World debt crisis: eight reasons you should care
As the world starts to focus on its debt crisis, Greece's financial woes may presage problems to come in Europe and the United States – with implications for your bank account and stock portfolio.
It's a sign of the fragility of the world economy that the debt problems of Greece, a nation the size of Ohio, can throw global markets into turmoil, cause a run on one of the world's premier currencies, and call into question the viability of the European Union.Skip to next paragraph
Subscribe Today to the Monitor
That's not all. Some see the tremors emanating from Athens as the precursor to a debt earthquake that could engulf much of the developed world.
If Greece today, who will it be tomorrow? Bond markets have already begun to speculate: debt-laden Portugal? Slow-growing Spain? It's possible the crisis will jump to Britain, Japan, or even to the United States.
The implications of a debt crisis spreading beyond Europe have already rattled stock markets. Here are eight reasons you should be paying attention, too:
1. Because it will impact your neighborhood tool-and-die maker.
The financial crisis has caused the value of the euro to plummet, making it harder for the US and other nations to boost their economies through exports.
As the world's largest trading bloc, the European Union (EU) represents 7 percent of the world's consumers but a fifth of world trade. The dramatic fall in the value of its currency thus has major implications.
If the euro doesn't recover, exports to Europe will fall because they'll be more expensive relative to goods already made in Europe. Similarly, the US, China, and other nations may find it more difficult to export in general, since competition would intensify with European companies, whose goods and services have suddenly become cheaper.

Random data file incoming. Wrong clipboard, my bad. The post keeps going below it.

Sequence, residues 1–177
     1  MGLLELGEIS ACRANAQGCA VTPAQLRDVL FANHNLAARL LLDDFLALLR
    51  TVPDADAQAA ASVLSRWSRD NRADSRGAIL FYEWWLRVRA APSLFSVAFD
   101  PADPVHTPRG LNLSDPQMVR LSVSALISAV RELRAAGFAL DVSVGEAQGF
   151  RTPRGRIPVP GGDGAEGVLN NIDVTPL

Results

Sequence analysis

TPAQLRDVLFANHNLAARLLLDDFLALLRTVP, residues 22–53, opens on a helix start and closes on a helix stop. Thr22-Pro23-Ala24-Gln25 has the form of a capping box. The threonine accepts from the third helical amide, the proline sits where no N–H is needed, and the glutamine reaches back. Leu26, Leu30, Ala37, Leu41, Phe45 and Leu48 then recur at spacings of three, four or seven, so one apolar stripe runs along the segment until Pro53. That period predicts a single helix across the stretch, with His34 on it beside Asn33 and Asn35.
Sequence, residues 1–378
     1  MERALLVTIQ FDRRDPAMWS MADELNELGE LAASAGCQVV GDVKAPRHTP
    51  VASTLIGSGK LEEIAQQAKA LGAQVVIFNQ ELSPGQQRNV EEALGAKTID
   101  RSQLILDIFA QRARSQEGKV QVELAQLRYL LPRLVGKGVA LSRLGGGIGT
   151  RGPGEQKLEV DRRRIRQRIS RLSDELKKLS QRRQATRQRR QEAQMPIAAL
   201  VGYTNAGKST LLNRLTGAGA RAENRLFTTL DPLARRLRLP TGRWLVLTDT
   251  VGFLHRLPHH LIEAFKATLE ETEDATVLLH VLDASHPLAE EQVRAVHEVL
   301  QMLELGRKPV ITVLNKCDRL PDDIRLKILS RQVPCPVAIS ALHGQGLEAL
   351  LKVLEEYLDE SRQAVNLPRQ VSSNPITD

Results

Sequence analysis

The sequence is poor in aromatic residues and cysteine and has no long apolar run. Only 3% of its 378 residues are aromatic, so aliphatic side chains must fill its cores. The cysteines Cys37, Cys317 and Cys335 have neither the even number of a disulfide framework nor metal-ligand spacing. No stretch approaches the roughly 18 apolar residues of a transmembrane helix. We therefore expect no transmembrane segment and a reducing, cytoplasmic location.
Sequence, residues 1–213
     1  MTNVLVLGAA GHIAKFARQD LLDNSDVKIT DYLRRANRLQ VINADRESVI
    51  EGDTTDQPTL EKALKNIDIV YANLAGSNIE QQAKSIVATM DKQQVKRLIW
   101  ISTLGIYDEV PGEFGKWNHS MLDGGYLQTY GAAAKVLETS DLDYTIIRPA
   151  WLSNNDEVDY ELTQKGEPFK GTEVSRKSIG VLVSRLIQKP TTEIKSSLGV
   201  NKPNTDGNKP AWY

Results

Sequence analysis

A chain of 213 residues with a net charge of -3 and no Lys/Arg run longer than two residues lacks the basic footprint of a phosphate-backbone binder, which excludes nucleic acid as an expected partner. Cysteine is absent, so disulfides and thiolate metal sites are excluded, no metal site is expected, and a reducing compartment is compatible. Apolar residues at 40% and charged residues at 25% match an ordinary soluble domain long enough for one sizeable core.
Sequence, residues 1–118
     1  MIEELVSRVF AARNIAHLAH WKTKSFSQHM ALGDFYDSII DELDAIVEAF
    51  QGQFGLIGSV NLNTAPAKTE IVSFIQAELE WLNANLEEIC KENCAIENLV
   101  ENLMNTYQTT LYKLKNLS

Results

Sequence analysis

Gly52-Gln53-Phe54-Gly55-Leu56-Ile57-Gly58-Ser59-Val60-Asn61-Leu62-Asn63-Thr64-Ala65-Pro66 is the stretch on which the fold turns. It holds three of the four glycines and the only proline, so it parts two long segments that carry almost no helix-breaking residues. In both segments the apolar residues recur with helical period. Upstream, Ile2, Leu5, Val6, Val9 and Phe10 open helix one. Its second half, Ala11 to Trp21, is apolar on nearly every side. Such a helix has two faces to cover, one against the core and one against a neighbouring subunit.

That doesn't automatically mean Europe's slowdown will undercut America's economic rebound. "Problems in Europe could dent our recovery, but not abort it," says Barry Eichengreen, an economist at the University of California, Berkeley.
2. Because it could affect things at the bank window – again.
If one or more of the highly indebted nations defaults, it may well trigger another banking crisis, not just in Europe but worldwide.
France holds nearly a third of Greece's debt, a fifth of Spain's, and a sixth of Portugal's. Germany holds a smaller share of Greece's debt but similar proportions of the debt of the other two. Should one of these nations default, European banks would be hit hard, raising questions about their ability to survive. (See chart, page 29.)
In 2008, concerns about the viability of US banks brought the financial system to the brink of collapse. "You've got the ingredients for a major banking crisis," says Rob Parenteau, who edits the Richebächer Letter, a weekly and monthly financial newsletter, from his base in Berkeley, Calif.